Sexing a puffer can be difficult when young, but when old enough the males will develop a stripe on their bellies and will often get "wrinkles" around their eyes! Females tend to be rounder, less colourful, have small spots and lack the above features.

The reason why I personally don't recommend tankmates is because of the common misconceptions around the tankmates often recommended by others. Even the fastest of fish can become prey for puffers, which are known to shred fish much bigger than themselves. Puffers may be "peaceful" when young but will often become very aggressive when older. Keeping them with any longfinned or slow moving fish is a definite no-go!

Otocinclus ("Otos") are often recommended because of their small size. Otos are indeed very small fish, but are in fact shoaling fish! This means they will thrive in groups of 5 or more - so while they may be small, they will need a slightly larger tank than the minimum puffer tank size as they will have a larger bioload and will need more space. Otos are also recommended as people find their puffers do not pick on them, however they are really kept with varying success and people often find the Otos disappear one day! Just like the puffer, Otos are even more sensitive to water conditions and are known to die during the acclimation process! I've found Otocinclus very rewarding, but very sensitive and I personally have not attempted to keep them with my puffer.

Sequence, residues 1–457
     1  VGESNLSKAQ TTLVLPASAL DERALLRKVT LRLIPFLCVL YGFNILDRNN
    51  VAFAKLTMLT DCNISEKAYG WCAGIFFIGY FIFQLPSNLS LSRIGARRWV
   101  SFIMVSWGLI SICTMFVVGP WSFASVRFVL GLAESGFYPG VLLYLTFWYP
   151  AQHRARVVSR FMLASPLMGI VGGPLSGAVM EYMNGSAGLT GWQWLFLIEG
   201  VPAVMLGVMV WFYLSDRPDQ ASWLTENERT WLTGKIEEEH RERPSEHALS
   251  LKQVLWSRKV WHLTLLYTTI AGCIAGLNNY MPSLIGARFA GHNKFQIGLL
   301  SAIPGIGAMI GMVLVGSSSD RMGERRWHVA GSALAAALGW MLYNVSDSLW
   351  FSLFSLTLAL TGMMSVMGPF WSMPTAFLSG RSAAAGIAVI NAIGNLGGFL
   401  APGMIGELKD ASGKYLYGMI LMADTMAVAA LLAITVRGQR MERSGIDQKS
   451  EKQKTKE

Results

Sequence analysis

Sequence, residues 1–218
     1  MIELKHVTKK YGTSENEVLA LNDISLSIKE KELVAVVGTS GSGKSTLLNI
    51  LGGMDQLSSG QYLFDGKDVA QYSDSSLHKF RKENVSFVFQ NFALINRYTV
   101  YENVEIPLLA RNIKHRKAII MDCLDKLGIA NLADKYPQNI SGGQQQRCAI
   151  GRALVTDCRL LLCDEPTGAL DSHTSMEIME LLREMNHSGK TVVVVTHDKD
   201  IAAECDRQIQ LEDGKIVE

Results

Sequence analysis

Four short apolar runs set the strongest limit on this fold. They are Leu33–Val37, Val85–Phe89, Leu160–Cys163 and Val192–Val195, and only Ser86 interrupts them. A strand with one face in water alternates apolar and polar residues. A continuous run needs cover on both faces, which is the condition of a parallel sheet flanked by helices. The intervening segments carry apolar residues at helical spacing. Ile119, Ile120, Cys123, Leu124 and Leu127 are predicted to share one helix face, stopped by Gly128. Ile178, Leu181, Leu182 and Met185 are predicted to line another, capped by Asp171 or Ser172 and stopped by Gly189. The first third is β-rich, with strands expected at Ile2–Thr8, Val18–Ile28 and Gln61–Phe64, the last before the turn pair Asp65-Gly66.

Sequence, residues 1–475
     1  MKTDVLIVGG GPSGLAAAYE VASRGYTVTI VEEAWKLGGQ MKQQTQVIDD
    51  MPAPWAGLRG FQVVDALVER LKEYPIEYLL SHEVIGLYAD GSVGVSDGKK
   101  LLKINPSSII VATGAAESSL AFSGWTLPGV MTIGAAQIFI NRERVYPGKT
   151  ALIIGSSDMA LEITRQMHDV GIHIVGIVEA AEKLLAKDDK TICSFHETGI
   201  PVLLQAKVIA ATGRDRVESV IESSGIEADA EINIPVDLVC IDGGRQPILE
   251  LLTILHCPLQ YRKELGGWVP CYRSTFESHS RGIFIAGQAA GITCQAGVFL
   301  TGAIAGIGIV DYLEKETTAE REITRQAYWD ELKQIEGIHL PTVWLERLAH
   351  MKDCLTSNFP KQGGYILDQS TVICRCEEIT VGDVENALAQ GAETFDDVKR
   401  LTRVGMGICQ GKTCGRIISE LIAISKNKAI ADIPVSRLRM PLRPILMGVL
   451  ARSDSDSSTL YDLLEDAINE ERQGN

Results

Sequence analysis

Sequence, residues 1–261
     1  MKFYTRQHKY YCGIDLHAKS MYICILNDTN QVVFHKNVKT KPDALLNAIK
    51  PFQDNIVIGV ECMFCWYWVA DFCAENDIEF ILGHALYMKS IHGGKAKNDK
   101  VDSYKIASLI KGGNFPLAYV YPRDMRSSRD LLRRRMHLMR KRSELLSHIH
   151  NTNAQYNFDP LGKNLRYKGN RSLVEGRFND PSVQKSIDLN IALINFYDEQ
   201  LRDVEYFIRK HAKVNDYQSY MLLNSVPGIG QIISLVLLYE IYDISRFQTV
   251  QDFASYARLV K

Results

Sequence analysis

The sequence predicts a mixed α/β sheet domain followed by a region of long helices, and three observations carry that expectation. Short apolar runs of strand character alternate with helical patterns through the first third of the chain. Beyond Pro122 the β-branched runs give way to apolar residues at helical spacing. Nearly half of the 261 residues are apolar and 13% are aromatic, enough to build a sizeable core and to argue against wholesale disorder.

Bumblebee Gobies (BB Gobies or Brachygobius spp.) are also often seen in the tanks with puffers at the pet store. There are two species of BB Gobies - one requires brackish water and the other will thrive in brackish water, but will survive in freshwater. However, you'll possibly find that it is stressed when kept in freshwater, often cutting time from its lifespan. As mentioned above, puffers can be peaceful when young, but can be aggressive when older, so you may also find your BB gobies disappearing one day! I simply do not recommend these because of their incompatible water conditions - Dwarf Puffers cannot be kept in brackish water, and Bumblebee Gobies are prone to stress in fresh water.

Otocinclus shoaling / schooling

Above: Three Otocinclus hanging out together

 

Keeping puffers has been extremely rewarding for me, and my female is probably my favourite fish! She recognizes me, and knows when she's about to get fed! She will also easily feed out of my hand, and will swim around my fingers in curiosity. Puffer fish quickly became one of my families of fish and I eventually intend on owning all sorts of different types of puffers! But for now, the dwarf puffer is my favourite and the first puffer I recommend to anyone. Compared to others, they're easy to look after and are reasonably unfussy when it comes to foods. These guys are absolutely wonderful if you have space requirements and I would recommend them to all!